I am, rather, an Eastern Orthodox Christian, a form of Christianity at least as ancient as the Roman church, but far less known in the west. The Roman church was heavily influenced by the Roman emphasis on the law, and consequently tends to view the role of the priest as the judge of the guilt or innocence of the penitent. By contrast, the far less judgmental Eastern Orthodox view is that sin, including “original sin”, is not so much a legal infraction which must be punished, as a sickness of the soul which must be cured; the role of the priest is not a judge, but a doctor.
        The incorporation of some earlier pagan customs into popular Easter celebrations was, as you mentioned, an effort to make the adoption of Christianity less jarring, but also a recognition of the partial truth of some of these beliefs, and of their role as prefigurement of the fuller truth of Christianity. Thus, for example, at the end of each Easter liturgy, the priest gives each attendant a red egg, symbolic of the gift of new life emerging from the blood of Jesus. Some trappings of pagan tradition endure, but the more fundamental observation is of Christ’s resurrection, commemorated as always by the Divine Liturgy.

        • 4 DJ

          I am not up to speed on Orthodox Christianity but you make my point exactly. I don’t think we disagree. Although I do think this militant atheism puzzling and a contradiction in terms. But I also think it is a largely US issue – maybe a backlash to the extreme religion that seems to have taken hold there.

          My article was intended as a light seasonal piece on pagan beliefs about chastisement of the bottom. 🙂

          As soon as the Baptists advocate spanking in Church rituals I’ll consider popping in on a Sunday. 😉 But seriously – I wasn’t trying to start a theocratic debate here. Sitting on the London side of the pond I tend – like many Brits – to be a bit chilled about religion.

          But I suspect that our little conversation has confused some readers of this blog who are not so well informed as you. Maybe what the world needs is more RE 😉

          Thanks for taking the time to clarify. 🙂

  2. 5 George

    Centuries go by, young women always need the same…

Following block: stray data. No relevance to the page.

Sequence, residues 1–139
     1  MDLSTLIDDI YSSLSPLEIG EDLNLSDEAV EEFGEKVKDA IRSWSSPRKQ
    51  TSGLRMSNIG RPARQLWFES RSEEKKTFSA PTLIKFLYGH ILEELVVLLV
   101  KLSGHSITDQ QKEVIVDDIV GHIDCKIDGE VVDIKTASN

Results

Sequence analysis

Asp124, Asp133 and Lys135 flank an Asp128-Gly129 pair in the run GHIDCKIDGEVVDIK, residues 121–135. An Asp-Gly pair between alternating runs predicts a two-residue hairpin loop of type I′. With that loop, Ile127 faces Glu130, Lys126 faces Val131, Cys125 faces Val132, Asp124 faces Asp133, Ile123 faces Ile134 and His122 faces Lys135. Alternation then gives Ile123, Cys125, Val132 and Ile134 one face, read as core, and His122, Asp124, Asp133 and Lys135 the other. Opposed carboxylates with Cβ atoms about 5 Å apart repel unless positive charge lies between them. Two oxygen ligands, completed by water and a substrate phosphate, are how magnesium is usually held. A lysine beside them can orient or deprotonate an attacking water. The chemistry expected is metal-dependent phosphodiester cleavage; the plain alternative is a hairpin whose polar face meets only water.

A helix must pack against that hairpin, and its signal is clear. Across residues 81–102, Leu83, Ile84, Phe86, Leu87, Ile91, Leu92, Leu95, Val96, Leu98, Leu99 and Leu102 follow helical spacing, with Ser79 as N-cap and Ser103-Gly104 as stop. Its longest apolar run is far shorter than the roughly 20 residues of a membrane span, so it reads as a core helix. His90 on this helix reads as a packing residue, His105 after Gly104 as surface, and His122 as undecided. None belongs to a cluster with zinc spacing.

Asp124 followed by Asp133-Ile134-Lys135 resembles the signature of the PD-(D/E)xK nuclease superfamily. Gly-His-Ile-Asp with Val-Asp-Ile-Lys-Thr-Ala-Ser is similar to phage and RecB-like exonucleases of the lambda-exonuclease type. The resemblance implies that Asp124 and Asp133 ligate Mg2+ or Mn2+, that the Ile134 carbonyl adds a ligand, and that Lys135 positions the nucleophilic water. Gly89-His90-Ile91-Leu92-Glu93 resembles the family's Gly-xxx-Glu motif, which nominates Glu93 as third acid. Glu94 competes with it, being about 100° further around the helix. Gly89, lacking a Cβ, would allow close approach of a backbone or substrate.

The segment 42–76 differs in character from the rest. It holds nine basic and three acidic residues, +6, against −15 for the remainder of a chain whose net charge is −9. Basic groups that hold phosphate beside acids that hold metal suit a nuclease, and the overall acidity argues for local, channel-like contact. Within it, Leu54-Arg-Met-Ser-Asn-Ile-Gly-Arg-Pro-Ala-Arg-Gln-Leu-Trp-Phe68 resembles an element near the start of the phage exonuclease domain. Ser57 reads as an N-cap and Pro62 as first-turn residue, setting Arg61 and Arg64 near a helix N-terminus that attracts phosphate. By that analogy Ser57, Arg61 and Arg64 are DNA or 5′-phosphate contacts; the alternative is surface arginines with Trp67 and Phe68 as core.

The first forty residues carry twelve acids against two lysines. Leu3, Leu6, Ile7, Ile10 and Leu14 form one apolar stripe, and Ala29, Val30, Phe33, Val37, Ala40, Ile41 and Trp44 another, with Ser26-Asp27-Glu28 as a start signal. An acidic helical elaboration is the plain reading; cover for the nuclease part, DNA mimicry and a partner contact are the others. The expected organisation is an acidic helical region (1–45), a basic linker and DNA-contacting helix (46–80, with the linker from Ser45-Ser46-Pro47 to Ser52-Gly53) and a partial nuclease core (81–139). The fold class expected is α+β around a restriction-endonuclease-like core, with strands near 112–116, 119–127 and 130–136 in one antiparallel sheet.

3. 6 George

    This is a week late but an old friend used to say “Hooray, hooray it is the first of May, outdoor screwing starts today”.

    • 7 nikolaikaa

      Ha! When I was a kid, my grandmother enforced what I took to be an old, traditional rule that regardless of the weather we could not go bare footed or without a shirt outside until the first of May. That rule may be a more kid and Baptist friendly version of your friends saying?

      • 8 DJ

        ‘Ne’er cast a clout till May be out’ is an English proverb.

        As a kid I thought it meant don’t hit people until the summer…

        But I suspect it has the same meaning as yours. Although given the topic discussed… WTF 😉

  4. 9 scarlet

    I always learn something here…

    • 10 DJ

      You had better because teacher has a cane and a paddle and there will be a test later. 😉

  5. 11 Svetlana

    The binding spell tradition has lots of dramatic potential. Realistically, a revival would come from the tradition’s appeal as a romantic gesture; the ritual thrashings would usually be little more than symbolic. Now imagine two girls favouring the same “dream man” running into each other while gathering their switches and deciding to ask for a proper thrashing to show their determination rather than because an actual belief in the spell. If you don’t want to pick a “winner” and like surprising twists, you can have them end up so entranced by the other’s bravery and sense of romance that they magically … 🙂

  6. 12 Mark

    Why is this so timeless?

    One single main nerve, the pudendal nerve, enervates a woman’s clitorus, vaginal lips, the outer third of the vagina, the perineum, and the outer ring of muscles of the anus and surrounding tissue. It also controls the function of the clitorus, vagina, pelvic floor, and anus. The root nerve runs through the buttock muscles, the exact path varying from woman to woman. The exact grouping of connections varies from woman to woman too, which many spankers have noticed. It is an especially sensitive nerve, with some unique nerve endings of exquisite sensitivity.

    Smack her butt the right way on her, for how her nerves run, and you directly stimulate the clitorus and vagina nerve sensation to the brain, and the whole pelvic control structure.

    The after effects on those muscles can linger, keeping those nerves “happy” for awhile, in the same way as they stay lit up for awhile after sex.

    Its all one. That’s why this works. People figured out what works. We are not imagining it, it is real.

  7. 13 DJ

    Thanks Svetlana and Mark

    We have two sides of the same truth.

    But I can’t help going with S’s version. 😉

  8. 14 george

    imho spanking isn’t (only) pagan or (only) Christian, but simply human. needed everywhere, anytime…